We most often address this dilemma by suggesting that whatever extraordinary results an organization is committed to producing will require imaginative, breakthrough thinking in the company. A powerful way to trigger the imagination and stimulate breakthrough thinking is to write a charter. We assert that any project that is attempting to accomplish the unlikely or unpredictable needs a charter.

A charter is a written document that serves as a performance contract for a designated project or intended set of work objectives. However, it is a performance contract that targets unprecedented results. Our firm has found that when a charter is written well, launched powerfully, and managed with integrity, extraordinary results will be achieved.

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Context: A Short Conversation

What is Context?

People often ask us why we focus so much on context and why we put such a premium on the discussion about context in our approach to organizational transformation. We have discovered that no other single area of focus seems to have the kind of impact and leverage in an organization that context has. Understanding what context is and, most importantly, being clear about how context works can empower senior leaders to make an extraordinary difference in their transformation effort.

Let’s start with the dictionary definition of context:

Context: The circumstances that form the setting for an event, statement, or idea, and in terms of which it can be fully understood.

Context comes from Middle English words meaning “together” plus “to weave.”

So you see, context is everything that surrounds a particular subject. Not only is context in the background, it is the background. It is the place from which people think. Context has the power to shape what we think and what we know. It is only when we are aware of the context for a specific situation, can that situation – in the dictionary’s terms – “be fully understood.”

Context is a word that isn’t immediately clear to organizational leaders when they first hear it.

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The Power of Your Leadership Message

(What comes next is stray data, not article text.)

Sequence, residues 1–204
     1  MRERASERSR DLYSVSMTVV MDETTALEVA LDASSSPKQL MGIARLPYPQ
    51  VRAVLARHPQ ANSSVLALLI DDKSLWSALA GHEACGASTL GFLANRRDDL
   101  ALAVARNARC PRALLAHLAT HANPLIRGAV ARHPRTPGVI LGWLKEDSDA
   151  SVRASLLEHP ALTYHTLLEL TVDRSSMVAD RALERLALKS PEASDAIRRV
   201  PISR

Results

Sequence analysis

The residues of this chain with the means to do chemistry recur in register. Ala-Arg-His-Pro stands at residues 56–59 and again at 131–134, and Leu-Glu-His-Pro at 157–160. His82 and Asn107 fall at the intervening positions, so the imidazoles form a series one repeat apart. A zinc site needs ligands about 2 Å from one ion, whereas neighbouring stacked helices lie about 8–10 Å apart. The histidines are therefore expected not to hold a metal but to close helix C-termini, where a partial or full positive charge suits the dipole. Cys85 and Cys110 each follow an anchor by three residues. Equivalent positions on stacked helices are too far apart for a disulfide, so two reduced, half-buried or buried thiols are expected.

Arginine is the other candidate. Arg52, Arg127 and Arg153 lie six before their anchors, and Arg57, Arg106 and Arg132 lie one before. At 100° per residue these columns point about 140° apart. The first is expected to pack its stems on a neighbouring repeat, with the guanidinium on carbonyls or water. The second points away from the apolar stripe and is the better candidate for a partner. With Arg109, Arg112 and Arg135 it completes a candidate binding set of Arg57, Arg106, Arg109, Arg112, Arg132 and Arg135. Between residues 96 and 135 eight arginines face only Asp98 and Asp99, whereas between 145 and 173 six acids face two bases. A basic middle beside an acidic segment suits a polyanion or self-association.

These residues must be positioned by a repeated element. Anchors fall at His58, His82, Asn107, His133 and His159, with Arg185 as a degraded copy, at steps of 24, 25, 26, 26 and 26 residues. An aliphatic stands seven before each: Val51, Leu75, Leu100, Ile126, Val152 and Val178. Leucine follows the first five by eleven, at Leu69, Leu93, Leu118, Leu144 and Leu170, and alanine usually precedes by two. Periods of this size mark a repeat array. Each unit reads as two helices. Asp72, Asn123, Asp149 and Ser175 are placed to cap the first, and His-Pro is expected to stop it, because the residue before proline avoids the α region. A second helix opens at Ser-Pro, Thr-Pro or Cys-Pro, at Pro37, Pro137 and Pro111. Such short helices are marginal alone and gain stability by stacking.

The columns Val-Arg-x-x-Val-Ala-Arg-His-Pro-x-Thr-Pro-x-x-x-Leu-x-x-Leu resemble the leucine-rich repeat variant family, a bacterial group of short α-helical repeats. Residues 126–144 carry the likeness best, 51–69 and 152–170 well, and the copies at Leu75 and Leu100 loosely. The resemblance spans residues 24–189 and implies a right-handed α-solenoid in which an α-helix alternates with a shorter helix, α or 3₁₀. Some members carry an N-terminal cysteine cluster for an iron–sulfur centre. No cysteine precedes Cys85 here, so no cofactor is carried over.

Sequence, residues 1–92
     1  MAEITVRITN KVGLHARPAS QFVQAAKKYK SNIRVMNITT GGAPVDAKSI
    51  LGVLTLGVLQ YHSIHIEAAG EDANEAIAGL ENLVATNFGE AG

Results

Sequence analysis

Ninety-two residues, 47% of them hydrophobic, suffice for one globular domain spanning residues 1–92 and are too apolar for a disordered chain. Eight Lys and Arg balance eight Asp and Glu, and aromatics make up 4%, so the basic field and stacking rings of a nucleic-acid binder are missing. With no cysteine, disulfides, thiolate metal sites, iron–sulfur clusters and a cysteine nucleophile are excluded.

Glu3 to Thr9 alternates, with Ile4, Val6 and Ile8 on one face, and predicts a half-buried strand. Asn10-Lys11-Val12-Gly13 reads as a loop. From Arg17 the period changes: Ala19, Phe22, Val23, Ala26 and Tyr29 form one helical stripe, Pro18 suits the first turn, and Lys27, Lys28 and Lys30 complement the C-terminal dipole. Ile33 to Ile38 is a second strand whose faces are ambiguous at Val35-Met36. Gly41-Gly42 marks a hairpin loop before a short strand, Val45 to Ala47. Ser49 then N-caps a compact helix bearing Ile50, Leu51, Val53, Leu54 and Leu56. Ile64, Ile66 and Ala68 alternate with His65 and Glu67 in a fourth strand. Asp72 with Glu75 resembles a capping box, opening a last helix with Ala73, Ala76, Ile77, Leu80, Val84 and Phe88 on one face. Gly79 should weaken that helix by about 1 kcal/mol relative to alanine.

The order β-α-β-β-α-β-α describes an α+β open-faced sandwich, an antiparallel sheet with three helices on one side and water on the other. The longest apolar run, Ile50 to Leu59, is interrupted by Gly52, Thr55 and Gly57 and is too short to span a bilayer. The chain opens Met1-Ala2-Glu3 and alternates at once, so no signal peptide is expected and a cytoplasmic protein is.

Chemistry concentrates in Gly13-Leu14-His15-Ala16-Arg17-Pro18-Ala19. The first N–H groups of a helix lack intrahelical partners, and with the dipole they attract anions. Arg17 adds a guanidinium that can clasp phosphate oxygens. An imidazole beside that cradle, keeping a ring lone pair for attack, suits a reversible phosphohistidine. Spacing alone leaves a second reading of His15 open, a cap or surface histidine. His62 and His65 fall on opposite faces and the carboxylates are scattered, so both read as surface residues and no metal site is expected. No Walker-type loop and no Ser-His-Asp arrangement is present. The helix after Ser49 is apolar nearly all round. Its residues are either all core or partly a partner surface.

LEVERAGING YOUR ORGANIZATION’S MOST POWERFUL ASSET
If you ask senior leaders: “What is the most important resource in your company?” 99 times out of 100 you will hear them say “It’s our people”. After all, that IS the right answer. Not to mention the countless business books and articles that validate this as a fact, coupled with a corporate culture that reinforces it. You might say it is a truism. Yet if you take a close look into many companies, it is often difficult to tell that the leaders really know just how powerful engaging their employees can be. Perhaps even more ironic, it sometimes seems like the company’s plan is to keep their key people in the dark and try to “sneak” the strategy by without “disturbing the work” or getting employees involved in a meaningful way.

It seems that knowing the value of engaging employees as a concept and putting it into action are two very different things.

Much of the work of our firm is focused on strategic implementation in large organizations. We place a high premium on our clients leveraging their employees’ talents, skills and involvement to ensure successful implementation. Y et, when entering a new client system, it is rare to see leaders who instinctively or naturally engage the employees in the implementation of their strategy. It seems like gaining buy-in is the obvious thing to achieve, but instead we find that many leaders assume it, which can be a fatal error. On the other hand, when leaders are able to do this effectively — it results in inspired employees who have clarity and ownership for where the company is going. This usually leads to unprecedented business success, added value and employee satisfaction. BINGO!

We have found that some of the most important actions an executive can take in executing a strategy are to: